- Fails to assist someone with an obvious need for help (not holding a door for someone carrying many items or assisting someone who falls or drops their belongings)
- Ignores an individual’s appearance of sadness, anger, boredom, etc.
- Talks on and on about a special interest while unaware that the other person is no longer paying attention, talks to someone who is obviously engaged in another activity, talks to someone who isn’t even there
- Laughs at something that is sad, asks questions that are too personal
- Makes rude comments (tells someone they are fat, bald, old, have yellow teeth)
- Engages in self-stimulatory or odd behaviors (rocking, tics, finger posturing, eye blinking, noises — humming/clicking/talking to self)
- Is unaware of unspoken or “hidden” rules — may “tell” on peers, breaking the “code of silence” that exists. He will then be unaware why others are angry with him
- Responds with anger when he feels others are not following the rules, will discipline others or reprimand them for their actions (acts like the teacher or parent with peers)
- Touches, hugs, or kisses others without realizing that it is inappropriate
- Averts eye contact, or keeps it fleeting or limited
- Stares intensely at people or objects
- Does not observe personal space (is too close or too far)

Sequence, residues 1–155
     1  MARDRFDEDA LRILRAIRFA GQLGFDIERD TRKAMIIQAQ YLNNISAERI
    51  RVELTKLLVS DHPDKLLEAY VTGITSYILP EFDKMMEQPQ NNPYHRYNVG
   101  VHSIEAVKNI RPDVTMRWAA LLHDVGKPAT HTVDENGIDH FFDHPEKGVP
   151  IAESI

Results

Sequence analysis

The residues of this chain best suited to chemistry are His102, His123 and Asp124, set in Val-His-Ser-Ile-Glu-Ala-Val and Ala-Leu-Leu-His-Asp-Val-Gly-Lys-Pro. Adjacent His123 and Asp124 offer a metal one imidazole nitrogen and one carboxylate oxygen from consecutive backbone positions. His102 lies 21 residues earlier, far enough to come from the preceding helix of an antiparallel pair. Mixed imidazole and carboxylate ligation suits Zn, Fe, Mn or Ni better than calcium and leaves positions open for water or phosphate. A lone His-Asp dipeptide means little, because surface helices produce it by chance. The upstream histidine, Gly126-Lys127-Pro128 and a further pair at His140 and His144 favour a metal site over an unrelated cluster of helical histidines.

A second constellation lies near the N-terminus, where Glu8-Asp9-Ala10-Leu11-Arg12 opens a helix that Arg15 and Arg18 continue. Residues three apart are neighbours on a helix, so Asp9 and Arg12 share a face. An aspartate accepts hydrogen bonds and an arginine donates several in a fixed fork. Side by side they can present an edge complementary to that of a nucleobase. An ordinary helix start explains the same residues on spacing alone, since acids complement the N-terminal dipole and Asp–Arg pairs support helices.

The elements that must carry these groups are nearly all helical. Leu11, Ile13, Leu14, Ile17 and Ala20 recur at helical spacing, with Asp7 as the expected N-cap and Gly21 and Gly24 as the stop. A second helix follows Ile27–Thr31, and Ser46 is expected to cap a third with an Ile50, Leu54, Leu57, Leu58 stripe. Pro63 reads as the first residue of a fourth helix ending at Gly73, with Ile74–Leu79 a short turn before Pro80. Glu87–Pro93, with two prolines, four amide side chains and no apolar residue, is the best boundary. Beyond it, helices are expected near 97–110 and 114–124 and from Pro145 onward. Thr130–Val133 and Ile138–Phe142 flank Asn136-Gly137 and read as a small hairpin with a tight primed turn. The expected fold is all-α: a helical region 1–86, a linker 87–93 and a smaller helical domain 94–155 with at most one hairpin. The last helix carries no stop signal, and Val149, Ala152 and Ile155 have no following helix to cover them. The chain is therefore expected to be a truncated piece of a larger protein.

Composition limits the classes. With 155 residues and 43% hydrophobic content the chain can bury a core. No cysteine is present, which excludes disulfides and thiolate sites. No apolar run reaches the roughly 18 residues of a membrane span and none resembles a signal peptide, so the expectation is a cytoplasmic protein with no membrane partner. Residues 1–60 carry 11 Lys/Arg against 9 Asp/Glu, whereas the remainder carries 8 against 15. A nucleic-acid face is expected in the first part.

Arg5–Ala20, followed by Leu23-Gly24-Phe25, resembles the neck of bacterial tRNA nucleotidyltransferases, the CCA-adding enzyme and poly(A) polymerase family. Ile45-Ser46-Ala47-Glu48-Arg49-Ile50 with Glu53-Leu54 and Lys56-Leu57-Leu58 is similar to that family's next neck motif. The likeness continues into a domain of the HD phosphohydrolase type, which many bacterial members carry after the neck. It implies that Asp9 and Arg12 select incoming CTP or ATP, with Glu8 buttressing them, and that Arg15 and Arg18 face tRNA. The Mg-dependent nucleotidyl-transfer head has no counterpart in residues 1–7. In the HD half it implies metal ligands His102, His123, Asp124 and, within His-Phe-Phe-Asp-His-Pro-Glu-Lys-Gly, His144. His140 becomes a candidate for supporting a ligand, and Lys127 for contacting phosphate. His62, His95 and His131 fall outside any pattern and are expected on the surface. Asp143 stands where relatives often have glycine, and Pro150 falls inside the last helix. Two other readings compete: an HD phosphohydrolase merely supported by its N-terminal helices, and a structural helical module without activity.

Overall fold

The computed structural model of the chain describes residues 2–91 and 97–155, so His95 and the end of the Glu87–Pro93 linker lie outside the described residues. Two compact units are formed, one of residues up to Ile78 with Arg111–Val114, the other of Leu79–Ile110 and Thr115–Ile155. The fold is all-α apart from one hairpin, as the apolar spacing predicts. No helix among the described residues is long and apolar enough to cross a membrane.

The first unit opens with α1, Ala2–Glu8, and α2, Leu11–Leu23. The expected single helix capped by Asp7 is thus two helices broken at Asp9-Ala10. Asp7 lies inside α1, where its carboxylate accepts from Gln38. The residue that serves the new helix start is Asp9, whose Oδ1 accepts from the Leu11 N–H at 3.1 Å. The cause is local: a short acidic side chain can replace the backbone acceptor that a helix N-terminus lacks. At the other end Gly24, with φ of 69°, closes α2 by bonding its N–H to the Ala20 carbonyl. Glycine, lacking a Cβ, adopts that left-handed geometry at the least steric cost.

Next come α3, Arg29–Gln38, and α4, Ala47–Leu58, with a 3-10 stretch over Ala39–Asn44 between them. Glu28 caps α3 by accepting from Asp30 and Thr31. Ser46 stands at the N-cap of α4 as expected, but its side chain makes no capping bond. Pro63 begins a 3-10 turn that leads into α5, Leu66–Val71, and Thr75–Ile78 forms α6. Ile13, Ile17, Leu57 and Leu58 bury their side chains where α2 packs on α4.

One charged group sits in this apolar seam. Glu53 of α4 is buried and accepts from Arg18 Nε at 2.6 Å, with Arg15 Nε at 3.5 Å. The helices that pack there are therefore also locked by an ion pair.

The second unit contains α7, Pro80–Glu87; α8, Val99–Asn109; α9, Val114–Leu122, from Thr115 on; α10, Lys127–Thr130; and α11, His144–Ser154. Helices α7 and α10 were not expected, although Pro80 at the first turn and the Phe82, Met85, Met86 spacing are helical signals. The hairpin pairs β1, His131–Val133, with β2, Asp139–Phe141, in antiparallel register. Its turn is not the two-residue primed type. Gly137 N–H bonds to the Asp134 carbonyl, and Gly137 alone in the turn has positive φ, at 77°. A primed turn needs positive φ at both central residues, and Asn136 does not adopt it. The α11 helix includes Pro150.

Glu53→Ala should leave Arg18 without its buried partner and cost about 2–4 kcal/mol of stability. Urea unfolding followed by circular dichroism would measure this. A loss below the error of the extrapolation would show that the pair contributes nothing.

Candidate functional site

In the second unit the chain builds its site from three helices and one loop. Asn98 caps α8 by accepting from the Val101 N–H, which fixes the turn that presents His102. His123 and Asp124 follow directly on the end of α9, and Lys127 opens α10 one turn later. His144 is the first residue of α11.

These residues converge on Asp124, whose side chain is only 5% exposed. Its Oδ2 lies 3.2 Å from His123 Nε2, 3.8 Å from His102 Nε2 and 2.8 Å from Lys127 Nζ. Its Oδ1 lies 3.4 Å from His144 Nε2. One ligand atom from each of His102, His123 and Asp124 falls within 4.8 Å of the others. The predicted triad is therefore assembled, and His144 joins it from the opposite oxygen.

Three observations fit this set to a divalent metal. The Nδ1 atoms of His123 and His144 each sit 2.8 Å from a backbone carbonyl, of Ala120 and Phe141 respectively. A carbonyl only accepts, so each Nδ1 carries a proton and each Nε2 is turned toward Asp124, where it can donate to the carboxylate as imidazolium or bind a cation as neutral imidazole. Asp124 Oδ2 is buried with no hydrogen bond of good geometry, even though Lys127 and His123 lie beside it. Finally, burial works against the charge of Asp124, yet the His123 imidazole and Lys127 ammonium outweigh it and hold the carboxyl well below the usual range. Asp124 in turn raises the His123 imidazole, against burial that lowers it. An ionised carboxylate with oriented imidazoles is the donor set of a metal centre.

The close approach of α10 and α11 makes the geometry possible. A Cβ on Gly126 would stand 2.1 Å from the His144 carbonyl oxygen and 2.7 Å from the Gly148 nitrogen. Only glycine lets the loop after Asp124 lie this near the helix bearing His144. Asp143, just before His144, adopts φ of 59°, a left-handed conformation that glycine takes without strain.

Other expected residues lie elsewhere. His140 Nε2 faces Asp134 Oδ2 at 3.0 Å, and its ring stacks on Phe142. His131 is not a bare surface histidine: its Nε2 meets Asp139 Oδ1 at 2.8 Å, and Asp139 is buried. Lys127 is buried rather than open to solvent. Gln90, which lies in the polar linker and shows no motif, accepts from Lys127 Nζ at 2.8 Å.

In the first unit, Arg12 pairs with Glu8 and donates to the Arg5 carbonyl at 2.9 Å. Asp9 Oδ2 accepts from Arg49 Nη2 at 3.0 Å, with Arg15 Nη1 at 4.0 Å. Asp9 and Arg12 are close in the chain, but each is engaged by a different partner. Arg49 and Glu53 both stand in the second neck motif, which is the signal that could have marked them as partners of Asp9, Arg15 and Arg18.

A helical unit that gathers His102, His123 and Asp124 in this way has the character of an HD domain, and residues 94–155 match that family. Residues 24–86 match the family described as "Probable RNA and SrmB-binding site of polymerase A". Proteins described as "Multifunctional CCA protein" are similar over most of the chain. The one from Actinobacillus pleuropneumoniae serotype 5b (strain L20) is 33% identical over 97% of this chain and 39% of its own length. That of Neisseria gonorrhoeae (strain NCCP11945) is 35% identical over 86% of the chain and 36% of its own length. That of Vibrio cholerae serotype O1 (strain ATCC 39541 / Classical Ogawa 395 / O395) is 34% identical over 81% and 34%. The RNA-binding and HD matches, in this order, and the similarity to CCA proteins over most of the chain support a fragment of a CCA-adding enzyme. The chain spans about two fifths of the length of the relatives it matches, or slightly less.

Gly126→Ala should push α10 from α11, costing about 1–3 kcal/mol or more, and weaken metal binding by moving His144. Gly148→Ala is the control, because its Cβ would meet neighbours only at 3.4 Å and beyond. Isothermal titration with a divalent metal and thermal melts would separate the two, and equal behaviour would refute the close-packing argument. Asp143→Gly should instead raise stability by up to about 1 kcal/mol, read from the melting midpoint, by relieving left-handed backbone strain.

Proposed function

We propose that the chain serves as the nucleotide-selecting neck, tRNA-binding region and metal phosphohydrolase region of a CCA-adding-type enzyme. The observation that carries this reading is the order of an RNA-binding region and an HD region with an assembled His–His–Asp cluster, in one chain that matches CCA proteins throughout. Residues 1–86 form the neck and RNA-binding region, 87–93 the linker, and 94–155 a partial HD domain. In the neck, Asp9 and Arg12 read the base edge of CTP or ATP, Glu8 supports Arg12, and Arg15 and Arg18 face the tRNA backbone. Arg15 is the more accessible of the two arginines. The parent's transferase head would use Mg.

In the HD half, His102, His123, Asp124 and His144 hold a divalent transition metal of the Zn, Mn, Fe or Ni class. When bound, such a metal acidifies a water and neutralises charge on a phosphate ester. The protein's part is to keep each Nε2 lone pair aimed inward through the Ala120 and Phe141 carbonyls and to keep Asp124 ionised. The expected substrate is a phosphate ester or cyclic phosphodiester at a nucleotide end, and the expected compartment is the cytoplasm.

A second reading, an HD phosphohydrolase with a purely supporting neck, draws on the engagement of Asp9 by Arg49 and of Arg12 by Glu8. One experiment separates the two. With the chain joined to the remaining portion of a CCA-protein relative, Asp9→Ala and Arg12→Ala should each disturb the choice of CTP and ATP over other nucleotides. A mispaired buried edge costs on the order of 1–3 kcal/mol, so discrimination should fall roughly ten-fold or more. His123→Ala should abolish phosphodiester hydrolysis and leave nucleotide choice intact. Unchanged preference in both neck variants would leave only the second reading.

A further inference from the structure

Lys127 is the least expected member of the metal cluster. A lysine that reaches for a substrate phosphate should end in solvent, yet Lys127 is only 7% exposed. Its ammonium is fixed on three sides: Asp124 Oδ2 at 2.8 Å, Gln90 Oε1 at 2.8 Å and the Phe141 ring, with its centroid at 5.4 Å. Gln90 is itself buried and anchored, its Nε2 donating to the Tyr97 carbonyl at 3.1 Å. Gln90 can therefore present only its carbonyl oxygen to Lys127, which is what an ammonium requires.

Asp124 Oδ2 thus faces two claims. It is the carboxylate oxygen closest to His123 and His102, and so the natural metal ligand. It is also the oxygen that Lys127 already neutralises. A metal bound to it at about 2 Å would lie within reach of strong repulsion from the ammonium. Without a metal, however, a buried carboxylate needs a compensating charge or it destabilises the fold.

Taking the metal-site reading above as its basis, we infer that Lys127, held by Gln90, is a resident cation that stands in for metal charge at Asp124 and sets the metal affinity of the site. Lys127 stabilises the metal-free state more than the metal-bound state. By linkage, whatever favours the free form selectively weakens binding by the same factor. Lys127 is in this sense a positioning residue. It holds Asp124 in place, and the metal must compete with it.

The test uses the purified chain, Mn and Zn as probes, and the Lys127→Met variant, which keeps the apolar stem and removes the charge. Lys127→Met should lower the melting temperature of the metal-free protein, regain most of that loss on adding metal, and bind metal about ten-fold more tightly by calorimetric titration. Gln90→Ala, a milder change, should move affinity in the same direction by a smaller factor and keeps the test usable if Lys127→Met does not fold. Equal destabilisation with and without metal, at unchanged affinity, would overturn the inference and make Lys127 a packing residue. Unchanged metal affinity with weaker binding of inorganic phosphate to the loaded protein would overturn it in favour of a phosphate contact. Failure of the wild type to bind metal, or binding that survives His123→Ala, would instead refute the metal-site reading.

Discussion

- Does not use gestures/body language when communicating
- Uses gestures/body language, but in an unusual manner
- Does not appear to comprehend the gestures/body language of others
- Uses facial expressions that do not match the emotion being expressed
- Lacks facial expressions when communicating
- Does not appear to comprehend the facial expressions of others
- Displays abnormal gestures/facial expressions/body posture when communicating:
- Confronts another person without changing her face or voice
- Does not turn to face the person she is talking to
- Has tics or facial grimaces
- Looks to the left or right of the person she is talking to
- Smiles when someone shares sad news
- Stands too close or too far away from another person
List of Symptoms for High-Functioning Autism
Emotions and Sensitivities:
- An emotional incident can determine the mood for the day.
- Becomes overwhelmed with too much verbal direction.
- Calmed by external stimulation (e.g., soothing sound, brushing, rotating object, constant pressure).
- Desires comfort items (e.g., blankets, teddy, rock, string).
- Difficulty with loud or sudden sounds.
- Emotions can pass very suddenly or are drawn out for a long period of time.
- Inappropriate touching of self in public situations.
- Intolerance to certain food textures, colors or the way they are presented on the plate (e.g., one food can’t touch another).
- Laughs, cries or throws a tantrum for no apparent reason.
- May need to be left alone to release tension and frustration.
- Resists change in the environment (e.g., people, places, objects).
- Sensitivity or lack of sensitivity to sounds, textures, tastes, smells or light.